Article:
Sumatra Island as the tsunami hit on December 26th 2004. The image, said to have been found in a digital camera several years after the disaster, was forwarded to us today by Idris Francis. The photographer is unknown. UPDATE: A reader doubts the image show a tsunami, but the metaphor of small householders under threat survives.
There were no alerts for 2008's tsunami-like financial disaster either. You may recall that The Queen wondered why banks and governments didn't see it coming. Writer John Lanchester is not the first to explain why, but he may be the first to compare "the shift in finance over recent decades to the rise of modernism in the arts". From the Wall Street Journal review of his new book I.O.U. - -
The bursting of every speculative mania has invariably been followed by the search for scapegoats. After the Mississippi Scheme collapsed in 1720, share certificates in the Compagnie des Indes were publicly incinerated in Paris. When the contemporaneous South Sea bubble imploded, leading members of the government were sent to the Tower of London, and profiteers were forced by an extraordinary retroactive Act of Parliament to disgorge their ill-gotten gains.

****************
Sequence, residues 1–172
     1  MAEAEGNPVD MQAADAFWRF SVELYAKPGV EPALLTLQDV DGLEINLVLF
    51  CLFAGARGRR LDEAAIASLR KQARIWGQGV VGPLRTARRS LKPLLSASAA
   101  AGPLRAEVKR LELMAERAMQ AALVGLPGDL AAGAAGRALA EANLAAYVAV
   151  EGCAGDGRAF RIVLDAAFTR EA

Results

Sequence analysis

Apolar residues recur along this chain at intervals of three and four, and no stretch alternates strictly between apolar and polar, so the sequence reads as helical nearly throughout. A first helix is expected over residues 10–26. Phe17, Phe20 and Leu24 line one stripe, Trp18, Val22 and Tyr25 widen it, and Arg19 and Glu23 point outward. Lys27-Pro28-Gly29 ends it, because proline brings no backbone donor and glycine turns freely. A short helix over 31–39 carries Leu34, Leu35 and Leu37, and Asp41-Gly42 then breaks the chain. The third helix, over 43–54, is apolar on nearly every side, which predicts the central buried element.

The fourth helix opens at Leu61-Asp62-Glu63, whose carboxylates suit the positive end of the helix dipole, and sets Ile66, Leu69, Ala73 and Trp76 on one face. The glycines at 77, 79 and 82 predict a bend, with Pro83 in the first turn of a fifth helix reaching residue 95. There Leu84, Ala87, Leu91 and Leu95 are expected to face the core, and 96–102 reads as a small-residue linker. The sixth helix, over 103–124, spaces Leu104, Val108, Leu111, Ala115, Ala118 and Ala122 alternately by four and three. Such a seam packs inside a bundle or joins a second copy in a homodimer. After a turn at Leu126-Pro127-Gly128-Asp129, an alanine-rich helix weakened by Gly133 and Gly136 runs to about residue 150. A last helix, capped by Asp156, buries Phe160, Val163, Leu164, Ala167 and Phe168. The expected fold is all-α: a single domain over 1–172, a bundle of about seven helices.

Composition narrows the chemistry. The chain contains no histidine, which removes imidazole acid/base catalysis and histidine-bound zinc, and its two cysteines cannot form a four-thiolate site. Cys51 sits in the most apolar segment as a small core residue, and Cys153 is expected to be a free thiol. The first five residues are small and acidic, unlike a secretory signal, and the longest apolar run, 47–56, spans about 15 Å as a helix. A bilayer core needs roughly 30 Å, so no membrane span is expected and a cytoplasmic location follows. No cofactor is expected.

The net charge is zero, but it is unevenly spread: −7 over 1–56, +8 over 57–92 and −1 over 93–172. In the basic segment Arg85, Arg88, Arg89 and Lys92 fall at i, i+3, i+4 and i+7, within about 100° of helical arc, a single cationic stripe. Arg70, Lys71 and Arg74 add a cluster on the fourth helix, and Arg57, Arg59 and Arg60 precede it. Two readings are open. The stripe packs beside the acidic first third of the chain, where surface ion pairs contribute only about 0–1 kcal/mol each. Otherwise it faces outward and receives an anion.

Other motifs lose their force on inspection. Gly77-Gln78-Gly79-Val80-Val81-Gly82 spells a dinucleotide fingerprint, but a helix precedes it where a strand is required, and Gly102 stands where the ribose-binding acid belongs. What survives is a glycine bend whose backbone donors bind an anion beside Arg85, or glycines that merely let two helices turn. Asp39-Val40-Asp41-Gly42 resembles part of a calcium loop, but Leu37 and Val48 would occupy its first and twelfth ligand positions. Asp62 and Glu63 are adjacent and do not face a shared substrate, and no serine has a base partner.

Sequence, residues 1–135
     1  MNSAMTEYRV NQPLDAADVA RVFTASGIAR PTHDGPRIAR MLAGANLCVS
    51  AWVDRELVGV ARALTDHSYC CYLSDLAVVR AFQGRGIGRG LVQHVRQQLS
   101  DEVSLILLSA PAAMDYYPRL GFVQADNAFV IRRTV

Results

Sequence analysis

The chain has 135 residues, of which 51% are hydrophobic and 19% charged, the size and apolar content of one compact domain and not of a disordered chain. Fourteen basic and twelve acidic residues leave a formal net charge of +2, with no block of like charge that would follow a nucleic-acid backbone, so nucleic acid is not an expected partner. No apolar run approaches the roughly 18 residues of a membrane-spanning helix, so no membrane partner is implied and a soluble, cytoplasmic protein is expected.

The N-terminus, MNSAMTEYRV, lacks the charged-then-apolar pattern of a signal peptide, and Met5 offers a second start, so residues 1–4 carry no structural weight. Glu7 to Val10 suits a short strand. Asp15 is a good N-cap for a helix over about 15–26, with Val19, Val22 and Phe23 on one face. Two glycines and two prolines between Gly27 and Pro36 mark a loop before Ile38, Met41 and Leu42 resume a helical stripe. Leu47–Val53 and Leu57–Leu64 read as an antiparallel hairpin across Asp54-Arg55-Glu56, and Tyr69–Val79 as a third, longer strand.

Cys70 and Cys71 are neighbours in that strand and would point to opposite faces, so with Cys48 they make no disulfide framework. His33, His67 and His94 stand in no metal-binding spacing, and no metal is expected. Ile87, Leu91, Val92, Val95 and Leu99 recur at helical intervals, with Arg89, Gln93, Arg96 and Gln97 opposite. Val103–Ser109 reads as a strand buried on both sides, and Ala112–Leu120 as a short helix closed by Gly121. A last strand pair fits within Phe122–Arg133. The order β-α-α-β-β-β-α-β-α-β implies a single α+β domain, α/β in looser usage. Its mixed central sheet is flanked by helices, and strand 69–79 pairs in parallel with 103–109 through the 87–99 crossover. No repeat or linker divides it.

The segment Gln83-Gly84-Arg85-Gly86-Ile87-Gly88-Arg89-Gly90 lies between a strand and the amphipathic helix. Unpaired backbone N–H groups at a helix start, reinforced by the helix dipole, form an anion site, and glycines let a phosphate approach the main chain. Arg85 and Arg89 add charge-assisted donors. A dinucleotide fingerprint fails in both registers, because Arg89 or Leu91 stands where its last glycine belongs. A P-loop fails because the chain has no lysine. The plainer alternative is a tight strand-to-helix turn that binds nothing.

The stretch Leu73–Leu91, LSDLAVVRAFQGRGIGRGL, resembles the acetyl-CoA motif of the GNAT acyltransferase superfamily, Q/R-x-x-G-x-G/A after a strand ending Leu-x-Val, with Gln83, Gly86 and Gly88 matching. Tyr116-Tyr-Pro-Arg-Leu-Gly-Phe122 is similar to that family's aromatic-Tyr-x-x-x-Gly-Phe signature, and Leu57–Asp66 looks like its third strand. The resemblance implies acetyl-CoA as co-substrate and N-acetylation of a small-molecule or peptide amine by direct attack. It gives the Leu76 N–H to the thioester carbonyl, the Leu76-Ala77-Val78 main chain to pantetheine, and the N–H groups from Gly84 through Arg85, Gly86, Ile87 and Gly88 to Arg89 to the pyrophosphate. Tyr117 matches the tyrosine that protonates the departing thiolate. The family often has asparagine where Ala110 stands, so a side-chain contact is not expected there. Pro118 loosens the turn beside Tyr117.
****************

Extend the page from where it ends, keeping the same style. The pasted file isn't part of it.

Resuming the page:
Over the past couple of years, there has been a frantic search to identify those responsible the recent financial collapse. British novelist John Lanchester joined the hunt with a number of essays for the London Review of Books that provide the groundwork for "I.O.U.: Why Everyone Owes Everyone and No One Can Pay." His list of culprits is reminiscent of the denouement of Agatha Christie's "Murder on the Orient Express." No single individual or institution murdered the credit system. Everyone turns out to be guilty.
People's retirements, their homes and their communities have been wiped out. People who conducted themselves responsibly and honourably have suffered.
Unlike those devastated by the tsunami, many of the players described in I.O.U. might truly say, 'The fault lies not in our stars, but in ourselves'.